Adrian Beltre has had two good seasons with the Texas Rangers.
Beltre has averaged 34 home runs over the last two years and has been a force in the middle of the Texas lineup.
With Hamilton out of town, Beltre is going to be looked at even more to provide the offense.
Jason Heyward came into his own during his third season with the Atlanta Braves.
He hit 27 home runs while batting ay nearly every spot in the order.
This year will be a little different with B.J. and Justin Upton in town.
Heyward will likely see most of his time at the No. 2 spot in the order, but he should still show a lot of power.
Look for him to hit another career high in homers, going over 30 this year.
Justin Upton was once one of the most promising young stars in the game, but he struggled last year with Arizona and that promise was questioned.
Now with the Braves, Upton has seemed to find new life, with two early-season homers to go along with the six he hit during spring training.
Surrounded by a lineup that can hit for power, Upton could very well see a career high in homers as well.
Dare I say he may even approach 40?
The Miami Marlins have only one thing going for them and that's Giancarlo Stanton.
Stanton is going to be the face of MLB in the very near future because of the power he displays at the plate.
In just 123 games last year, Stanton hit 37 home runs.
Add another 100 at-bats onto his total if he stays healthy all year, and Stanton could very likely reach 50 home runs.
When it comes to Ryan Howard, health is going to be the biggest question mark.
He's starting to get up there in age and his injury from the end of the 2011 season didn't set him up for success in 2012.
Howard had a career-low 14 home runs last year but also only played in 71 games.
If he can play a full season, he'll approach 30 home runs, but I think he gets injured at some point.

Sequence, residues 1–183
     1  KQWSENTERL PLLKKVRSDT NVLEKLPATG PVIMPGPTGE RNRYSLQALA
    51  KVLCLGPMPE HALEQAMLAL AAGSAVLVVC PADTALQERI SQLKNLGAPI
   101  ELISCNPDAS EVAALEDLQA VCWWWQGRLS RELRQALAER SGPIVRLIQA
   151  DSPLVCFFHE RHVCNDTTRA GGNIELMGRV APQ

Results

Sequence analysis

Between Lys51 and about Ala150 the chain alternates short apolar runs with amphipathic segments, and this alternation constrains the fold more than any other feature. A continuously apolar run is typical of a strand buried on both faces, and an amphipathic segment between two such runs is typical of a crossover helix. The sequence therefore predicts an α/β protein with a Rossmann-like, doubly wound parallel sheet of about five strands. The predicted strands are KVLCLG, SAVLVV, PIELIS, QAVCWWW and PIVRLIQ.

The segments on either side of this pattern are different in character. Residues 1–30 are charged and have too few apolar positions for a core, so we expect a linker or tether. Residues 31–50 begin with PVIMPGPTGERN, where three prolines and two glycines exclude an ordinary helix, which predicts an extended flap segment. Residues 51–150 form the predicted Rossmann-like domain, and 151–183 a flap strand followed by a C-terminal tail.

If there's one thing you can say about Bryce Harper, it's that he has a lot of passion for the game.
Harper had his struggles at times in 2012, but he ended the year with 22 home runs.
He's shown his power early on in 2013, belting solo home runs in his first two at-bats of the season.
But can he keep it up for the entire year?
My guess is he will. He has a full year under his belt and is a great student of the game.
As pitchers adjust to him, he will adjust to them.
With Joey Votto in town, Jay Bruce can sometimes get overlooked.
But the Cincinnati Reds outfielder is every bit of a power hitter as Votto is.
Bruce had 34 home runs last year during a season in which Votto didn't have his best year.
He sees the ball well, but I'm not sure that 32.5 is a great over/under number for him.
My guess is he'll get close but miss it my one or two.
Joey Votto did have an off year in 2012, only hitting 14 home runs.
However, he's back and stronger than ever as he looks to get back the numbers he had from 2008-11.
Votto hit a career-high 37 home runs in 2010 but hasn't hit in the 30s in any other year.
He'll be close to his over/under number as well but will surpass the goal unlike his teammate.
Ryan Braun should honestly have two MVP trophies on his mantle, but he was beat out last year by Buster Posey.
The Milwaukee Brewers right fielder has a ton of power to all fields, having only hit less than 30 home runs once in his career.
Last year, Braun had 41 bombs and will do more of the same this year.
Is Troy Tulowitzki truly back for the Colorado Rockies?
That's the question many fantasy owners were likely asking prior to their drafts this year.
Tulowitzki was limited to 47 games last year, when he hit just eight home runs.
This season, he's already hit two bombs, giving Colorado fans hope for this year.
Last year aside, Tulowitzki averaged 33 home runs in the three seasons prior, and there's no reason to believe he won't reach that goal once again.
Over the last few years, Adrian Gonzalez had a big advantage playing in Boston.
Now with the Los Angeles Dodgers, Gonzalez doesn't have a short right field to play with.
He has shown he can hit in pitcher-friendly parks, averaging 32 home runs a year while playing with San Diego.
He only hit three dingers in 36 games with the Dodgers last year, but 24.5 is such a low number for him.
If there's any player that would ever hit 50 home runs and steal 50 bases, my money would be on Matt Kemp.
While injuries limited him to 23 home runs last year, Kemp should have no problem getting back to his normal numbers.
Some people may call it bold to predict this, but I believe Kemp will have the highest difference between his over/under number and his actual home-run total.